That being said, not all businesses ignore or exploit the developing world. Tyson Foods is an example of this. As part of its Tyson Foods Fellows program, the poultry conglomerate has worked to educate developing nations on sustainable methods in raising poultry. Partnering with the charity World Vision, Tyson helps rural Tanzanians improve their poultry-based husbandry. The joint efforts have been extended to other African nations such as Rwanda and Tanzania. Through these efforts, Tyson Foods battles global hunger.

The relationship between corporations and the world’s poor is a complicated one. While many businesses send more aid to the developing world than some governments do, those businesses are also hoping to increase their own profits, often at the expense of the very people they are claiming to help. It is important to hold corporations to a high standard in their interactions with developing nations to ensure that other companies follow the standard set by Tyson Foods and that impoverished people can benefit from the companies’ actions.

– Raymond Terry

Photo: Flickr

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New Boom of Entrepreneurship in Brazil’s Favelas http://www.borgenmagazine.com/entrepreneurship-in-brazils-favelas/ Sat, 16 Jun 2018 08:30:58 +0000 http://www.borgenmagazine.com/?p=127763 SEATTLE — Entrepreneurship in Brazil’s favelas is booming and creating an incredible community of business owners. In circumstances where many are living in poverty, unique businesses have arisen, creating a greater sense of community and lifting many out of poverty. A favela is a grouping of dwellings, often on hillsides, that are usually equated with [...]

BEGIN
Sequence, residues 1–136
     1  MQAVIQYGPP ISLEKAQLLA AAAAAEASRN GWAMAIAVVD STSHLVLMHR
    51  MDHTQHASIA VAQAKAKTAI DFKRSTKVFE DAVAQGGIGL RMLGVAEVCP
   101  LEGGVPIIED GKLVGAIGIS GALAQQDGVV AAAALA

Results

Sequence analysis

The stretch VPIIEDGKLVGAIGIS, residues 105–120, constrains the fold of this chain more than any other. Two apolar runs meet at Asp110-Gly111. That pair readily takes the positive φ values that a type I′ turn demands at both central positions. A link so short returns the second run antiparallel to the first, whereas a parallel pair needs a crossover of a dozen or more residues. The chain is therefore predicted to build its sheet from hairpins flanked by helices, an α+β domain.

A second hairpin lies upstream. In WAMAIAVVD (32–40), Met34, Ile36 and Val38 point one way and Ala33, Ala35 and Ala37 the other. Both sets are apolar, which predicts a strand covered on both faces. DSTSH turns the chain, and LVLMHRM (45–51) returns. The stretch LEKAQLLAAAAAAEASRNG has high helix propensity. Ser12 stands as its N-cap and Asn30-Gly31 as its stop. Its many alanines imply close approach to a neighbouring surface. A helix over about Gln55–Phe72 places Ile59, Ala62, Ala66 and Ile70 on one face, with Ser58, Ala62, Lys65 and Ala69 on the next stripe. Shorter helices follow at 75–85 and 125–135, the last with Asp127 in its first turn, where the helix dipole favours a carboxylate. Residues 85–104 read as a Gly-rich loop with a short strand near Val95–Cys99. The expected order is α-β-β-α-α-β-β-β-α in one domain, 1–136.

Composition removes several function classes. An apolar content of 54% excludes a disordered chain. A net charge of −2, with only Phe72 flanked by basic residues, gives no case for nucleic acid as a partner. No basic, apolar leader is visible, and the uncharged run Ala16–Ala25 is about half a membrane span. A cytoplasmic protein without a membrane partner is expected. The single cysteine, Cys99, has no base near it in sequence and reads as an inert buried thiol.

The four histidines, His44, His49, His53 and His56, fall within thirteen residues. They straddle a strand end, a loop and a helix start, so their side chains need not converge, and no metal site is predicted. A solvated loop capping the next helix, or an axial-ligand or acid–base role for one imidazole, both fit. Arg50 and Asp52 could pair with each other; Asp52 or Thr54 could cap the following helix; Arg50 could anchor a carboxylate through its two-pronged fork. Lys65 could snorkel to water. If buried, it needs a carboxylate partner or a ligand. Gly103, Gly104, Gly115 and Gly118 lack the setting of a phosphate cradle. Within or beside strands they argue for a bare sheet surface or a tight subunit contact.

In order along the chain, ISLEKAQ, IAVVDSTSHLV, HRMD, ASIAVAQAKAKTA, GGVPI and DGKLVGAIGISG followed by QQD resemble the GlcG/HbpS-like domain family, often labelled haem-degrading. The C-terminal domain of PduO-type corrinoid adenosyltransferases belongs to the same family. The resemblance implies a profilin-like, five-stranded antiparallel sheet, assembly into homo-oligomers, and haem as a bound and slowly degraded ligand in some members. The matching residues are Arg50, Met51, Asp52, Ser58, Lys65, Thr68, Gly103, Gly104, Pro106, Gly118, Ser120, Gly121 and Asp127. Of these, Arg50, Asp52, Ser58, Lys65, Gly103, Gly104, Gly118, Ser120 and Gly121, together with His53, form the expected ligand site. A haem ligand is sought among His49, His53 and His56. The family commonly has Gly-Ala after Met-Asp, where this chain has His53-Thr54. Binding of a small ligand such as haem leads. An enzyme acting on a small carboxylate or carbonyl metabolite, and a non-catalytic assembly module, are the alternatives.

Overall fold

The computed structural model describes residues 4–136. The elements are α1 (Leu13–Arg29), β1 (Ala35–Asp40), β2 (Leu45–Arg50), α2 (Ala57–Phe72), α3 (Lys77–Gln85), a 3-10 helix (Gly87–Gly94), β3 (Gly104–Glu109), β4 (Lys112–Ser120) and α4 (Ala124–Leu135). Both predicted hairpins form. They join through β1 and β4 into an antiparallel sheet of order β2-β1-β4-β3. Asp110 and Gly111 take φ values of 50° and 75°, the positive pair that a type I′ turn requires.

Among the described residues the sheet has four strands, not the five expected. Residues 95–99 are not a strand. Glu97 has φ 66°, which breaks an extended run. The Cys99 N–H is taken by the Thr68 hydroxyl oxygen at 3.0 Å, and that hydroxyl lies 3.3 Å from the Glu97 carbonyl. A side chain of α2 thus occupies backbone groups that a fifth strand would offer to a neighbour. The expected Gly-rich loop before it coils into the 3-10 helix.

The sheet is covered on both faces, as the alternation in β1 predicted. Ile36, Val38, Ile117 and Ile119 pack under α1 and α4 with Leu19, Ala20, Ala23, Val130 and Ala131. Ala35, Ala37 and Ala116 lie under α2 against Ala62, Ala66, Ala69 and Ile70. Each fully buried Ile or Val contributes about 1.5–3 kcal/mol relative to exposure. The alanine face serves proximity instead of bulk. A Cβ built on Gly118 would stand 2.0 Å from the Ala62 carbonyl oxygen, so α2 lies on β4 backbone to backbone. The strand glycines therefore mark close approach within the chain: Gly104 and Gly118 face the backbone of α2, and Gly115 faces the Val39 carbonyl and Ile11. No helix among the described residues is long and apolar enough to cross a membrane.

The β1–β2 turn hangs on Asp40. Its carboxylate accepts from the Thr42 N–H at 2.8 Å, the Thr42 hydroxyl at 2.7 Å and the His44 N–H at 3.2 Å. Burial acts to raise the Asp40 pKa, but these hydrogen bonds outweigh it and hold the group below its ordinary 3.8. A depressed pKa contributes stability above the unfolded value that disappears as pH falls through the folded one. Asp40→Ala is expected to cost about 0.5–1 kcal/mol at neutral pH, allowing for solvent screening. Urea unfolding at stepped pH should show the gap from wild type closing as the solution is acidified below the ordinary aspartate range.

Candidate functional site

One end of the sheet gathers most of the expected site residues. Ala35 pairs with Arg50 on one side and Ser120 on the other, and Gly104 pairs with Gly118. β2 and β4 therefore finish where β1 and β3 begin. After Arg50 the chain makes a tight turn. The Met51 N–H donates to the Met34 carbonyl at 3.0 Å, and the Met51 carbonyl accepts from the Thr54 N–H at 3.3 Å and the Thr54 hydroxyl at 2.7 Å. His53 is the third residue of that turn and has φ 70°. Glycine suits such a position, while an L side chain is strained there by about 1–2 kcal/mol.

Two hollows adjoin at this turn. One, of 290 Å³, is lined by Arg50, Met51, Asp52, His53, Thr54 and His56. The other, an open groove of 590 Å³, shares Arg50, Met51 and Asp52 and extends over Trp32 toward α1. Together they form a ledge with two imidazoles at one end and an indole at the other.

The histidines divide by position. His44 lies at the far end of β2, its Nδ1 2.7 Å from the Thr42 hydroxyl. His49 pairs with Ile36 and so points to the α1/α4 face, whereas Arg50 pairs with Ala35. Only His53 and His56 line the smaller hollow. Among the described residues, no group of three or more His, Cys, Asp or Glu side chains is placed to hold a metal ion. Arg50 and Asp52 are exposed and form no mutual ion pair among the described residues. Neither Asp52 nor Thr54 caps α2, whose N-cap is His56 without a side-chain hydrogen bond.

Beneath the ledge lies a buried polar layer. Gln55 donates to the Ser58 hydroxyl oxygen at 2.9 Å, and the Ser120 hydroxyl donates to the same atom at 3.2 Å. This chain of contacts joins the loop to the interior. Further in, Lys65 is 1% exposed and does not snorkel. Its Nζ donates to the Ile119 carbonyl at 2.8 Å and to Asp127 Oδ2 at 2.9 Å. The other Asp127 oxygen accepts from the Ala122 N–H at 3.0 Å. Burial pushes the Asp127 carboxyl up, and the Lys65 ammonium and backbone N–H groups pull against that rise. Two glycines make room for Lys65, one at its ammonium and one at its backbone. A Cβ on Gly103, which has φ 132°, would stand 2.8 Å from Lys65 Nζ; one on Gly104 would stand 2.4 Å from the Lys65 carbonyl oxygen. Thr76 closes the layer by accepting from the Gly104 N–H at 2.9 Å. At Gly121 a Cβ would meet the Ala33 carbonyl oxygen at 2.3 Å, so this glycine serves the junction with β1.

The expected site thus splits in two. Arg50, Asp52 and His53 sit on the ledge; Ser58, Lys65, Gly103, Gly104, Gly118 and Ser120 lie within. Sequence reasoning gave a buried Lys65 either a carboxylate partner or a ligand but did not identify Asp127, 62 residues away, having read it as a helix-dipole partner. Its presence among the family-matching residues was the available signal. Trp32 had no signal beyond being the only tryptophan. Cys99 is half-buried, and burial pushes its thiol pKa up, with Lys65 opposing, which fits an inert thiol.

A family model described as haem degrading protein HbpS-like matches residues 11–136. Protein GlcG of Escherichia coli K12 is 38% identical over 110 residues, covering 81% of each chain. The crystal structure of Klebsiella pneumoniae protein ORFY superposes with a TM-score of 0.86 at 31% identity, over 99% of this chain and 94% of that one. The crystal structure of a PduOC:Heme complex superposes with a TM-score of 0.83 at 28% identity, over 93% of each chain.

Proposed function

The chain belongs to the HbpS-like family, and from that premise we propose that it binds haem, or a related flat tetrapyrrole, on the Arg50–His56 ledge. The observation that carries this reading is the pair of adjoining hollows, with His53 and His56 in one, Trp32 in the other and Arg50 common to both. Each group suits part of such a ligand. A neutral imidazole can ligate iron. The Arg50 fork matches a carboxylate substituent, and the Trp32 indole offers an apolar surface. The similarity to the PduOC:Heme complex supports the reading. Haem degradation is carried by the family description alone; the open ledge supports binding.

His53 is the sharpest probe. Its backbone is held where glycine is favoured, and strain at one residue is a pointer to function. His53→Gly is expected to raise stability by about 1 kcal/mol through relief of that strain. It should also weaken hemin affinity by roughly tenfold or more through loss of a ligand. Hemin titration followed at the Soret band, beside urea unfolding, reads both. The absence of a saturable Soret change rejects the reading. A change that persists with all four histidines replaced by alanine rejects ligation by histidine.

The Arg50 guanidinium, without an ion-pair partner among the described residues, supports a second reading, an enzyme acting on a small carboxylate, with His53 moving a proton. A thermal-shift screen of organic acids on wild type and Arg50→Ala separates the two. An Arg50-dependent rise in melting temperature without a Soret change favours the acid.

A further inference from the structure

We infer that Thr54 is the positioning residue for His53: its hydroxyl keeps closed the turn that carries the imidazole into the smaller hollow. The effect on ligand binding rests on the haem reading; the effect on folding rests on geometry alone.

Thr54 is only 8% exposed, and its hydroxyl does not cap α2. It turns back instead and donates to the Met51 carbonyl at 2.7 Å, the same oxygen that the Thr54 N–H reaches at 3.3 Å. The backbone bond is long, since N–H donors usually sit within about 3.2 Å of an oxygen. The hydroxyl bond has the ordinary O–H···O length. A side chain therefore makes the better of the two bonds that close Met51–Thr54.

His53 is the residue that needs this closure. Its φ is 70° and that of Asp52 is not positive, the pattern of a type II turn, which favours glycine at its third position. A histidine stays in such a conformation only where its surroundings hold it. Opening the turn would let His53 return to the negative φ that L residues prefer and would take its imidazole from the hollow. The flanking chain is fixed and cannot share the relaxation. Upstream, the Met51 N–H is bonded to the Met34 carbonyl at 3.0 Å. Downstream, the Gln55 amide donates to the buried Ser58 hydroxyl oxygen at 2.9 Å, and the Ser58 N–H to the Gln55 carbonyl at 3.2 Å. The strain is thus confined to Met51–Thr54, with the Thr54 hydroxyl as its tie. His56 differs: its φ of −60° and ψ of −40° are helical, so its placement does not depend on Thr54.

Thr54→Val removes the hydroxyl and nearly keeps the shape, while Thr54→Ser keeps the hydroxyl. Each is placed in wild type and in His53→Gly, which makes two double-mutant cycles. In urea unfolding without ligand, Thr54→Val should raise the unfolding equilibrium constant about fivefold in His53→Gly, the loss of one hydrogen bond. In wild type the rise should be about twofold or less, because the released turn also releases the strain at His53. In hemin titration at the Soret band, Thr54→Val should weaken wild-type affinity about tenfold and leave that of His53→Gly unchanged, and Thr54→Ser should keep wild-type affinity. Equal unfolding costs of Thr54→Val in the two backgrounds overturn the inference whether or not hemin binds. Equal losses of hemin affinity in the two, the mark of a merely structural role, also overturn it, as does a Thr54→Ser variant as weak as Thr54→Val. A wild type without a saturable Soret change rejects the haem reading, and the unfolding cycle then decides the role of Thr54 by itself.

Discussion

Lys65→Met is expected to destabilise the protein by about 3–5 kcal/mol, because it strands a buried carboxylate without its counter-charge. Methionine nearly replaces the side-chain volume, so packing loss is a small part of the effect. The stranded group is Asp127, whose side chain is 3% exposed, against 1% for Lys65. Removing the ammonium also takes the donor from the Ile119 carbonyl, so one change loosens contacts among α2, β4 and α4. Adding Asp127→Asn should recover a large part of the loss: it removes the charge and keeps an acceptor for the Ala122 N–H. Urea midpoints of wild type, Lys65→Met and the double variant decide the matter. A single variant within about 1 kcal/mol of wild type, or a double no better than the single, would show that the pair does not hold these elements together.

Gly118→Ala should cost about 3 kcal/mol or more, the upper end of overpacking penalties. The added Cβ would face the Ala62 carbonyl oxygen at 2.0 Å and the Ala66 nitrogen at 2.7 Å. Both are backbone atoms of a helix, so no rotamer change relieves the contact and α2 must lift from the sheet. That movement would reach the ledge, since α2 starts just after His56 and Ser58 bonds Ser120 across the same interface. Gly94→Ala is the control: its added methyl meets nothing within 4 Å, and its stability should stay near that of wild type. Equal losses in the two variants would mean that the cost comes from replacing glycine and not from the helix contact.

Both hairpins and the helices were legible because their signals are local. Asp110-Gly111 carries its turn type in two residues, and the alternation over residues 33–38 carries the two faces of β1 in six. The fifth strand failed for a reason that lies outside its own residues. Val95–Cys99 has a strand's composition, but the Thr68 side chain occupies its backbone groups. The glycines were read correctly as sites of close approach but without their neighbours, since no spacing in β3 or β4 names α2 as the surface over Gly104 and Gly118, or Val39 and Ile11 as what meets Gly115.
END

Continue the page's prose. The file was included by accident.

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SEATTLE — Entrepreneurship in Brazil’s favelas is booming and creating an incredible community of business owners. In circumstances where many are living in poverty, unique businesses have arisen, creating a greater sense of community and lifting many out of poverty.